This whole plot line/story is ironic. When the government sets policies to make all people free and equal they instead create an oppressive system to mask ALL traces of individuality. I think their interpretation of freedom is wrong- freedom should be based on equal rights, not attributes. Our strengths and weaknesses make us who we are, we shouldn't hide them, rather we should show them off to the world. This irony is emphasized when the narrator states, "And George, while his intelligence was way above normal, had a little mental handicap radio in his ear. He was required by law to wear it at all times," (Vonnegut 1). That statement shows us the extremes that George's govt. would go to in order to keep everyone "equal"- even though they weren't equal at all, because no one really had any rights anyway, and since there were no personal freedoms people weren't happy or unique at all.


Tone: We believe that Vonnegut creates a tone of monotony. The author's use of indirect characterization and bland word choice emphasize his tone. A great example of this would be, "Urn, said George" (Vonnegut 2). Clearly, one word responses and basic explanations of character dialogue shows that the author is conveying an underlying message of boredom/monotony.

Mood: Whenever we read this story we got feelings of complacency and sadness. The plot of the story and its time period make a combination that really hit home. There is a scene in the story that is particularly impactful for setting the mood. This quote really shows the monotony and great sadness/depression felt within the modern society that this story takes place in; because right after seeing their son die before them, the main characters just go back about their business. This really made us sad because, how could someone be so heartless or oppressed that right after seeing their son murdered before them they just go back to the way things were? Here is an excerpt from that scene,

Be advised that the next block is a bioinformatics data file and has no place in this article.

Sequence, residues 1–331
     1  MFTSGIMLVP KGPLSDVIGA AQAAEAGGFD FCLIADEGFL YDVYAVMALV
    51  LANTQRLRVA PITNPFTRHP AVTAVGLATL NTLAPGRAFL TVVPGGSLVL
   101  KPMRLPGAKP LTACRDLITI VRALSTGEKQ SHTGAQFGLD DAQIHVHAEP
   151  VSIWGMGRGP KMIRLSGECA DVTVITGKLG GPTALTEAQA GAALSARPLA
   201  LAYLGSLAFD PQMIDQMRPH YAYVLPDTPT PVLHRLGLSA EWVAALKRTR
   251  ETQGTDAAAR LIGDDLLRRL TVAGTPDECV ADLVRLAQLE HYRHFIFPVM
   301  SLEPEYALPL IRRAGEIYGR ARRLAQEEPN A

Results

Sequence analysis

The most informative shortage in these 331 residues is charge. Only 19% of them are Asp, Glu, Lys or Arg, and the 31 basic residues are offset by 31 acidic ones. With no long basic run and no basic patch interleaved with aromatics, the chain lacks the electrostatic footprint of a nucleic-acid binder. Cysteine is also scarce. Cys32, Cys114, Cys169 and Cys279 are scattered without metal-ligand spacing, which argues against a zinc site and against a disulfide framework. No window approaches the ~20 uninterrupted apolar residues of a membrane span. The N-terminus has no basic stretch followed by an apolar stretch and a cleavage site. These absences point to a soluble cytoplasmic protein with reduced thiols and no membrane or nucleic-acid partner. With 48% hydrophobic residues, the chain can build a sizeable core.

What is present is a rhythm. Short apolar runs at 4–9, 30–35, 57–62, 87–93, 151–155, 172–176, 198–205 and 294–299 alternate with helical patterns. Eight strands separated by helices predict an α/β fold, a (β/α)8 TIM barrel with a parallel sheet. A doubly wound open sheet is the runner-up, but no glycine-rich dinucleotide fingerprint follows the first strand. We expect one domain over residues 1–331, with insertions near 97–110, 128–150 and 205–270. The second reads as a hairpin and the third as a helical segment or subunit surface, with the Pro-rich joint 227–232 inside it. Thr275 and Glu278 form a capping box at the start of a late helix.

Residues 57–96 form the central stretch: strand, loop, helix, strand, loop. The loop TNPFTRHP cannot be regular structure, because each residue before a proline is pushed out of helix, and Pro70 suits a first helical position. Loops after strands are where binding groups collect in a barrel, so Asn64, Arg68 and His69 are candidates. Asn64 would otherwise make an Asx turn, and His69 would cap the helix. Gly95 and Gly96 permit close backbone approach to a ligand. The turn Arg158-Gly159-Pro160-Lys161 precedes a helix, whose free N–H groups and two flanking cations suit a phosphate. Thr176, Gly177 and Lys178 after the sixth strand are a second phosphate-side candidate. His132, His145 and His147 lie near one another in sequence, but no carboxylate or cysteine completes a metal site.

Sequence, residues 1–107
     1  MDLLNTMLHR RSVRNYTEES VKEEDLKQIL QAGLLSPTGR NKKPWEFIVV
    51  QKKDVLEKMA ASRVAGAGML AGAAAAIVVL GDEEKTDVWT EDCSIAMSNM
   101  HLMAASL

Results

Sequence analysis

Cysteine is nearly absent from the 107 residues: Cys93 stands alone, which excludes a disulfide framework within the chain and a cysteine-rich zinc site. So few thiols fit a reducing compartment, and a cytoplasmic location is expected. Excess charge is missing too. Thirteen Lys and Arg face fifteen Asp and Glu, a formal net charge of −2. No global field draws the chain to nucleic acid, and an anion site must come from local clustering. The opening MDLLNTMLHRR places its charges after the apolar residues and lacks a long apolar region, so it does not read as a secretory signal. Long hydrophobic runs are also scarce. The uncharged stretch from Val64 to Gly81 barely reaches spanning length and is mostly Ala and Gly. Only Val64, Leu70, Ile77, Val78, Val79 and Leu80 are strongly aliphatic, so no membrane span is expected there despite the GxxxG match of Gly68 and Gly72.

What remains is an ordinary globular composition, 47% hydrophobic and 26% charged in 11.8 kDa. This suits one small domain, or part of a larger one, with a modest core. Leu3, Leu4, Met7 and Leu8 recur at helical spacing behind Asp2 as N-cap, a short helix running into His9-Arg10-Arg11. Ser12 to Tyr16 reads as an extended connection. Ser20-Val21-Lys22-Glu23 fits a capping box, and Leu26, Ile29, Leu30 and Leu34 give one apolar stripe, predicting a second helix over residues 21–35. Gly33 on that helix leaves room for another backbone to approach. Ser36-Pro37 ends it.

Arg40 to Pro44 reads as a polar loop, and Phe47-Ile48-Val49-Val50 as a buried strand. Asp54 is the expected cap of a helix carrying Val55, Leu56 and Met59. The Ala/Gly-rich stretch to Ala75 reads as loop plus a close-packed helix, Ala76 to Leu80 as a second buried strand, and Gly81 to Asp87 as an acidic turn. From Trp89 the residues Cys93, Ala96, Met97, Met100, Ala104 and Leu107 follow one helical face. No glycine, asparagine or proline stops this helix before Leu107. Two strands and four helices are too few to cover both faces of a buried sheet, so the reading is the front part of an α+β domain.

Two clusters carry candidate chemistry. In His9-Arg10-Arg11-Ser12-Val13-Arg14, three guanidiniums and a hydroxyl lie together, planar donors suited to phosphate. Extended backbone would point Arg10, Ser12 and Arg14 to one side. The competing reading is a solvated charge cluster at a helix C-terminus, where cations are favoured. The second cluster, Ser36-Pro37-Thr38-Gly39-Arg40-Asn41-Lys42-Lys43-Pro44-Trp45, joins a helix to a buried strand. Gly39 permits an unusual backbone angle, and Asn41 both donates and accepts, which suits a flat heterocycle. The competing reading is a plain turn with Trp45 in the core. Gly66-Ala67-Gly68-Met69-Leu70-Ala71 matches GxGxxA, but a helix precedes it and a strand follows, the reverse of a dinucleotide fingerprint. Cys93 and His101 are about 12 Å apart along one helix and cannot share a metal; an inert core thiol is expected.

"George came back in with the beer, paused while a handicap signal shook him

up. And then he sat down again. "You been crying" he said to Hazel.

"Yup, " she said.

"What about?" he said.

"I forget," she said. "Something real sad on television," (Vonnegut 9).

2081 Trailer | Based on Kurt Vonnegut's "Harrison Bergeron"

Works (images) Cited

"The Secret Of All Art (cc Kurt Vonnegut)." Altucher Confidential. N.p., 03 Aug. 2015. Web. 14 Dec. 2015.

"Character." Character. N.p., n.d. Web. 14 Dec. 2015.

"Mood Influences Behavior of Yourself & Others - Shari Yantes." Shari Yantes. N.p., 12 Nov. 2014. Web. 14 Dec. 2015.

"36 Of The Most Ironic Moments Ever." Bored Panda RSS. N.p., n.d. Web. 14 Dec. 2015.

"The '60s Become a Time of Social Revolution and Unrest." American History: (VOA Special English 2007-04-25). N.p., n.d. Web. 14 Dec. 2015.